Saturday was an underwhelming night of dunks punctuated by a couple of moments of brilliance.

The Pacers’ Glenn Robinson III had the most of those moments — which is why he won the event. His strong night started with his first dunk, which may well have been the best of the contest.

The final one from Robinson, the one that sealed the victory, may be the other best dunk of the competition — dunking over Paul George, the Pacers mascot, and a Pacers dancer.

“I originally planned for it just to be PG (Paul George),” Robinson said afterward. “I knew I had to bring out something special. We added the mascot and the cheerleader. I really just wanted to get up high and dunk that thing hard, man. My adrenaline was going. It felt like I was looking at the rim. All I knew was the crowd go crazy. I pointed like this because, man, everybody seemed to sleep on me, didn’t really think I was going to win this thing.”

Event favorite Aaron Gordon, who should have won a year ago, opened the contest with an innovative idea — a drone dunk — but he couldn’t execute it and there were a few attempts before he nailed it.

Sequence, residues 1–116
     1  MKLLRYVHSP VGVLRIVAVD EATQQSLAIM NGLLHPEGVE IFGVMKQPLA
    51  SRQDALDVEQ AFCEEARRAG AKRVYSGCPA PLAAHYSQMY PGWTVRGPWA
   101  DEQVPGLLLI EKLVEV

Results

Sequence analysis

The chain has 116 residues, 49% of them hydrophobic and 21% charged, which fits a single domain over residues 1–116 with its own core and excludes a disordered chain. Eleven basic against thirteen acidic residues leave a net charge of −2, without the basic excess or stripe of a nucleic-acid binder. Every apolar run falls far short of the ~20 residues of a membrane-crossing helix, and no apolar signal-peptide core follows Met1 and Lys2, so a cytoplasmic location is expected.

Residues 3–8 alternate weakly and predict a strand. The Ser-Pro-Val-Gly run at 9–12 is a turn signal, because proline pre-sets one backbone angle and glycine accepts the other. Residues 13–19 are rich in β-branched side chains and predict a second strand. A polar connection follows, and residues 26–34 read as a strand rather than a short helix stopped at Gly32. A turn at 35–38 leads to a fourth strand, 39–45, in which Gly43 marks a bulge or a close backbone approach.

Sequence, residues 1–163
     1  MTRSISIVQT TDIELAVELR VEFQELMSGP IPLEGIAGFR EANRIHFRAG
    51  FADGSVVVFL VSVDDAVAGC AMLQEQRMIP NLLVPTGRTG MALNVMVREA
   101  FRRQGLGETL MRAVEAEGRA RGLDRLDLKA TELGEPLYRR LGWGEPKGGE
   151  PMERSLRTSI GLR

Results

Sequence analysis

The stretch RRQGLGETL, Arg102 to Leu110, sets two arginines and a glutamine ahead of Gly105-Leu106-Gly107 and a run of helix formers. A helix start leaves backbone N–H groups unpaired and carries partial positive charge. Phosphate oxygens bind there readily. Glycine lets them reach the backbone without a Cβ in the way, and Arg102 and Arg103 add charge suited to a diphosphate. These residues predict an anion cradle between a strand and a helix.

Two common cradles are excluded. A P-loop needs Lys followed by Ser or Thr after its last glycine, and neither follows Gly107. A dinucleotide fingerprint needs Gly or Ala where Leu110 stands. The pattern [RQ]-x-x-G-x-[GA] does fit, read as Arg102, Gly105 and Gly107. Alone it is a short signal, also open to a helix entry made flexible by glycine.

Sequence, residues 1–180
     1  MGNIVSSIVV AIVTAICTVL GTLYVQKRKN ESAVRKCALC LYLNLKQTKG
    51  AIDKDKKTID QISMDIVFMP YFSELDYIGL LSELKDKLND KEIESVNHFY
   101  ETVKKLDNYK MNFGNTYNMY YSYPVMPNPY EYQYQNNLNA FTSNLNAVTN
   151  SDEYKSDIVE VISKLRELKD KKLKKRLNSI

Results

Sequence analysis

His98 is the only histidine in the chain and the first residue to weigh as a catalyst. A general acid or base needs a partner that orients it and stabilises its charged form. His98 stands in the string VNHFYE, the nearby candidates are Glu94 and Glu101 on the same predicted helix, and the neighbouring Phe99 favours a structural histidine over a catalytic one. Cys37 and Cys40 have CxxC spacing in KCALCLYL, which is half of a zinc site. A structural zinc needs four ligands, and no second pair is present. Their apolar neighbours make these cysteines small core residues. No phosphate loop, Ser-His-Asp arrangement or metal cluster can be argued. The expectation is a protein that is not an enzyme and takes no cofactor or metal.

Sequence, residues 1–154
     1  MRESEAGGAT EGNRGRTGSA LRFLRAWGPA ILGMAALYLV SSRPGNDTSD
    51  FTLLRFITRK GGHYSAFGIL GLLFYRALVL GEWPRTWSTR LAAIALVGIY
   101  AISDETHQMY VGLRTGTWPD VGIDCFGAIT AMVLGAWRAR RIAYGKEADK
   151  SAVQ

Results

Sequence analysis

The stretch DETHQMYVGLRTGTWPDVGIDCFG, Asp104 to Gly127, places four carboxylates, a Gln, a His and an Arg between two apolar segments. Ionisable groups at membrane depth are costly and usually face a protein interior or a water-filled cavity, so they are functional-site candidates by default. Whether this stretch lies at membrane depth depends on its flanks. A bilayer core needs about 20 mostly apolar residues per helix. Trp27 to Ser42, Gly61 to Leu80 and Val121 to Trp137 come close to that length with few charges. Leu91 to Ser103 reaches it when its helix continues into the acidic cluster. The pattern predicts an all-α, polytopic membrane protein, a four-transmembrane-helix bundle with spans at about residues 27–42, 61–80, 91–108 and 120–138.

Gordon didn’t advance out of the first round, and his first dunk summed up the 2017 Dunk Contest — interesting ideas that didn’t quite pan out like planned. (To be fair, Gordon has been battling injuries recently, that may have thrown him off).

If it wasn’t going to be Gordon, a lot of people expected it to be the bouncy Suns forward Derrick Jones Jr. who won, and he reached the Finals in part thanks to this spectacular dunk that woke the Smoothie King Center up.

DeAndre Jordan was okay, but without Chris Paul throwing him lobs it didn’t quite feel the same. Jordan can dunk with such power in game, but we didn’t see that Saturday.

In the end, it was Gordon who was making the plays.